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Welcome to the University of Texas Skywatchers Report for Tuesday May 28 through Sunday June 2.

The moon is at third quarter on Thursday the 30th so we’ll have a waning gibbous moon for the first half of the week and a waning crescent in the early morning skies for the second half of the week.

All of the planets and the moon are up in the morning skies this week, although several of the planets will be too close to the sun to see.

Saturn rises first, at 2:30 a.m., and it will be joined by the third quarter moon on Thursday morning.

Neptune rises next, at 3:00 a.m., but you will need a small to medium telescope to see it. Neptune will be just off the limb of the moon late on Friday night into Saturday morning.

Mars is up at 4:00 a.m. and will be near the moon on Sunday morning.

Mercury and Uranus are near one another and are rising at 5:35 a.m. at midweek, about an hour before sunrise. You’ll need at least binoculars to see Uranus, just to the right of the much brighter Mercury.

Jupiter is still emerging from conjunction and is rising at 6:00 a.m., about half an hour before the sun. Venus is heading towards solar conjunction next week and is now lost in the sun’s glare.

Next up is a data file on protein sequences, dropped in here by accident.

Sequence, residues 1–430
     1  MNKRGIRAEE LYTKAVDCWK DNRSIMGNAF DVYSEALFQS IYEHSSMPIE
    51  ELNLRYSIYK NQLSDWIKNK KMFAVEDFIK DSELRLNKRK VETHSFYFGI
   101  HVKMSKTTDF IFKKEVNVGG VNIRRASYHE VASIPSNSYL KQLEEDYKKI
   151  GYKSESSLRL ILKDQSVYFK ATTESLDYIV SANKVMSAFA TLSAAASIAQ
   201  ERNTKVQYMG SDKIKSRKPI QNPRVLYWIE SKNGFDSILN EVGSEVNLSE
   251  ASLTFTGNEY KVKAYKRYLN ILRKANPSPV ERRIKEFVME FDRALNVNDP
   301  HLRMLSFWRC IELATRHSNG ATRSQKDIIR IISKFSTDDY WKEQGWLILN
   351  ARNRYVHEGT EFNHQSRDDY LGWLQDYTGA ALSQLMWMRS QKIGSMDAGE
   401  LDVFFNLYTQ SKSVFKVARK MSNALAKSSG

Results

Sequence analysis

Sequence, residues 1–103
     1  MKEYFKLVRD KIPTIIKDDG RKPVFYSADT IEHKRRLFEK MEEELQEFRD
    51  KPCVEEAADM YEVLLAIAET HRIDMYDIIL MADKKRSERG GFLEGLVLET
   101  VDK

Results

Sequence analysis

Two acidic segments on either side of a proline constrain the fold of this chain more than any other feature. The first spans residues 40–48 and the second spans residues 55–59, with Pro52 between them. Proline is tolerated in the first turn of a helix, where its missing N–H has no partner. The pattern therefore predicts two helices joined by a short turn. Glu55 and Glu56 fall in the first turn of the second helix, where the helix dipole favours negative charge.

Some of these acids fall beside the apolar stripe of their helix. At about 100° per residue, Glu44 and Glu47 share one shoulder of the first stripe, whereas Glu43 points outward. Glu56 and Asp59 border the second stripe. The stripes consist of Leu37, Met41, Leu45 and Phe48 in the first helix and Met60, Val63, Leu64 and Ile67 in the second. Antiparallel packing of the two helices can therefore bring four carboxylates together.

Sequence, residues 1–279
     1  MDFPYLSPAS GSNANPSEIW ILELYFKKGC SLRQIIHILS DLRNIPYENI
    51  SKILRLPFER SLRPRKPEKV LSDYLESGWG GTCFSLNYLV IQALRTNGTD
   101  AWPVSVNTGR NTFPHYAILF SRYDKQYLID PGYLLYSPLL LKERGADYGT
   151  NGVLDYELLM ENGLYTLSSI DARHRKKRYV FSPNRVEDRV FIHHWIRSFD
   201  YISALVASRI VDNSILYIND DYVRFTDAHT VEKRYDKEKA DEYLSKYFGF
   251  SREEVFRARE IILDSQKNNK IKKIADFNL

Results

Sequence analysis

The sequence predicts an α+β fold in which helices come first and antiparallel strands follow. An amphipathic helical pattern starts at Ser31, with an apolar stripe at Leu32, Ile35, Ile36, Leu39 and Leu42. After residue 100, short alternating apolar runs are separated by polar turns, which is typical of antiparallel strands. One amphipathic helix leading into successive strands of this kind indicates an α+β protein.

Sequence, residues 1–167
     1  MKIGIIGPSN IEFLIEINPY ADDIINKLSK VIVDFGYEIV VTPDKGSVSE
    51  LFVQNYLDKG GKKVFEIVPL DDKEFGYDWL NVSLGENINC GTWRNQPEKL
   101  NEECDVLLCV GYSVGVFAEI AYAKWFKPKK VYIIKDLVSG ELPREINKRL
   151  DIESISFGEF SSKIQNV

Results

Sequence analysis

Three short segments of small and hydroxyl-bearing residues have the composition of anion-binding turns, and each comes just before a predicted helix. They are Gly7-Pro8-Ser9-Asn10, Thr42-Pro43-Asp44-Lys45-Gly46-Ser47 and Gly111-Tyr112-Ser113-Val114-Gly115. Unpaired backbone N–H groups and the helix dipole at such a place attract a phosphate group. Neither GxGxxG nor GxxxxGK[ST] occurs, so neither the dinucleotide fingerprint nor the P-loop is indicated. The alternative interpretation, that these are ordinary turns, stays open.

In space anniversaries this week, Thursday May 30th marks 50 years since the launch of the Applications Technology Satellite-6, an experimental satellite that at the time was the most powerful telecommunications satellite. The mission carried two dozen experiments and tested several satellite technologies that are still in use today. ATS-6 operated for five years and was decommissioned after three of its four thrusters had failed and is still in a high Earth orbit.

Public viewing on UT campus telescopes has finished for the spring semester. Stay tuned for information on the summer viewing schedule.

Thank you for calling the University of Texas Skywatchers Report.